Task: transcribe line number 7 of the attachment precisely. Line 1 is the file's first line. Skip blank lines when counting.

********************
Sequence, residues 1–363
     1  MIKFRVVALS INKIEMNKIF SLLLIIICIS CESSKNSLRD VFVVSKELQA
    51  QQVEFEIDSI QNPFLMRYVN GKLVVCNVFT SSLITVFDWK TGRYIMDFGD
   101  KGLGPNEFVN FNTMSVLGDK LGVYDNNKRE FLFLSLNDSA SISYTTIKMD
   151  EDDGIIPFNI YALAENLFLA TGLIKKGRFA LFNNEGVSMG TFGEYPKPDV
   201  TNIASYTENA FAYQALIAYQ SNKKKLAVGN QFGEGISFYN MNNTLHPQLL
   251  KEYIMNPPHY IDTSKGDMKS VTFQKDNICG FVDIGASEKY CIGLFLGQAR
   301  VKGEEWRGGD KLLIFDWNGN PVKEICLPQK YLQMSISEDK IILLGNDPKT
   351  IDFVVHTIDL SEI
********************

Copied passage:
   251  KEYIMNPPHY IDTSKGDMKS VTFQKDNICG FVDIGASEKY CIGLFLGQAR